Ola

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Shis Ram ola

Aulakh (ओलख) Aulukya (औलुक्य) Olak (ओलक)/ Aulak (औलक)/Aulik(औलिक)[1] Olakh (ओलख/औलाख)[2] Ola (ओला) Ola (ओळा) Aula (औला) Olania (ओळाणिया)[3] Aulakh (ओळख)[4] Aurak (औरक) is a gotra of Jats found in Rajasthan, Punjab, Haryana, Maharashtra and Uttar Pradesh. They live in Pakistan.

Origin

They are said to be descendants of Nagavanshi king Uluka (उलूक). [5][6] Mahabharata mentions a country called Uluka. [7]


Branches of Nagavansha are - 1. Vasati/Bains 2. Taxak 3. Aulak 4. Kalkal 5. Kala/ Kalidhaman/ Kalkhande 6. Meetha 7. Bharshiv 8. Bharaich[8]

Villages founded by Ola clan

History

Map showing the country of Uruk

In Mahabharata

Ulūka (उलूक), Son of Kitava, was king of a country and people of the same name in Mahabharata. He was an ally of the Kauravas, and acted as their envoy to the Pandavas. He has been mentioned in various Parvas of Mahabharata.

Nagavanshi kshatriyas

They are Nagavanshi or Chandravanshi kshatriyas. Ayu was a chandravanshi Samrat in whose nineth generation was born Alarva. Alarva had two sons namely Kaiyan and Nagas. Descendents of Nagas were called Nagavanshi. Nagavansh had eight branches: 1. Vasati or Vais 2. Taxak 3. Aulakh 4. Kalkal 5. Kala, Kali, Dhaman, Kalkhande 6. Meetha 7. Bharshiv 8. Bharaich.


In Dwapar Yuga one descendent of Nagavansh was Ulukh who ruled in state of Ulukh. The arrival of King Ulukh into the Sabha of Yudhishthira has been mentioned in Sabhaparva of Mahabharat. The inhabitants of Ulukh state and the descendants of Raja Ulukh were known as Aulakh or Aula or Ola.

Ola in Tamil language

Word Ola is found in Tamil language. In Manimekhalai, one of the most ancient pieces of literature of the the Tamils, there is mention of word Ola. The waves of the sea were known to the tamils as Ola.[9]

In Central Asia

We find mention of Ola in Central Asia in the form of a mountain. The Tannu-Ola mountains (Tuvan: Таңды-Уула Tangdy-Uula mountains) is a mountain range in southern Siberia, in the Tuva Republic of Russia. It extends in an east-west direction and curves along the Mongolian border. Its highest peaks reaches 2,930 m.

Jat Gotra

As per grammar rules the Jat clan name name Aulak, is derived from Uluka, the name of the country and King. [10] Perhaps the Iranian Uruk, Indian Uraga was their country. [11]


Majority of this clan people are Sikhs in Punjab. There are many villages of this gotra in Ambala district. Hindu jats of this gotra write Ola in Rajasthan.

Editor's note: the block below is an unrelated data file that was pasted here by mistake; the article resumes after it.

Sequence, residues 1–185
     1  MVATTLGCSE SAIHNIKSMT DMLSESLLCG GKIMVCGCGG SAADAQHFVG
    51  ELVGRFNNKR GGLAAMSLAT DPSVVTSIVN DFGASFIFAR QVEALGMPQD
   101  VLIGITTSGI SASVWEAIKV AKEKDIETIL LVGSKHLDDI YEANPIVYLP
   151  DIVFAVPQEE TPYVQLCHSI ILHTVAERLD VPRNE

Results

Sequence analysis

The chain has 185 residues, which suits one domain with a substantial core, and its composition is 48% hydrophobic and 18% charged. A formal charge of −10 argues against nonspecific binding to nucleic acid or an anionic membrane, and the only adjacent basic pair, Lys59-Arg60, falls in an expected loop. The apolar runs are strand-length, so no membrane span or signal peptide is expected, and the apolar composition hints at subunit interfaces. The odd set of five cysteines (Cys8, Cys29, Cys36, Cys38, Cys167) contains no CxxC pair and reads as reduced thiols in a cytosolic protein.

H.A. Rose on Aulakh

H.A. Rose[12] gives following account of Aulakh: Aulakh (ओळख), Aurak (औरक), a Jat tribe, whose head-quarters would appear to be in the Amritsar district, where they own a barah of, originally, 12 villages, but they are found in the northern Malwa, as well as in the Manjha. They are said to be of Solar descent, and their ancestor Aulakh lived in the Manjha. But another story makes their ancestor one Raja Lui Lak (राजा लूई लाक ), a Lunar race. They are related to the Sekhu and Deo tribes with whom they will not intermarry.

In Amritsar they give the following pedigree :-—

Ram ChandarKasabDhaulRaghupatUde RupPuraMajangMarkhanbGoeMandalDhanichAulakh.

This would make them akin to the Punnun. They are also found as a Jat (agricultural) tribe west of the Ravi as far as Leiah. In Montgomery they are both Hindu and Muhammadan. The Muhammadan Aulakh of Leiah have a curious tale. Complaint was made to Humayun that Pir Muhammad Rajan drank bhang, in defiance of the Quranic prohibition. So the emperor summoned the saint to Delhi and made him walk along a narrow path beset with poisoned swords, while a ferocious elephant pursued him. But as he walked the steel turned to water and one of his disciples killed the elephant with a single blow of his staff. Among the courtiers was Raja Aulakh, a Punwar Jat , who at once embraced Islam. The saint returned to Rajanpur, and Aulakh followed him, conquered the country from the Balun tribe and gave it to the Pirs, on whom the emperor also conferred it in jagir, though the Aulakh continued to administer it until about 175 years ago, when their power declined.

औलक गोत्र का इतिहास

दलीप सिंह अहलावत[13] लिखते हैं -

औलक जाटवंश नागवंश की शाखा है। द्वापर युग में उलूक नामक जनपद का शासक इस वंश का उलूक राजा था। सभापर्व 27-11 तथा 27-58 महाभारत के इन श्लोकों से उलूक नरेश का महाराज युधिष्ठिर की सभा में आना प्रमाणित होता है। उलूक देशवासियों की ‘औलिक’ नाम से प्रसिद्धि हुई। परम्परागत श्रुति और विद्वानों ने इनकी गणना नागवंश में की है। पंजाब ही इनकी बहुलता का स्थान है। यहां इन लोगों की जनसंख्या 1941 ई० में इस प्रकार थी – लाहौर 1251, सियालकोट 332, गुजरांवाला 561, अमृतसर 6582, गुरदासपुर 1028, मलेरकोटला 669, लुधियाना 792, फिरोजपुर 1540, पटियाला 2742, नाभा 1100, इस वंश के सभी जाट सिक्ख थे। अब ये सब पंजाब में हैं। हिन्दू जाटों को औलक या औरे भी कहा जाता है। यू० पी० में भी ये लोग बसे हैं। जि० अम्बाला में भी इस जाटवंश के कई गांव हैं।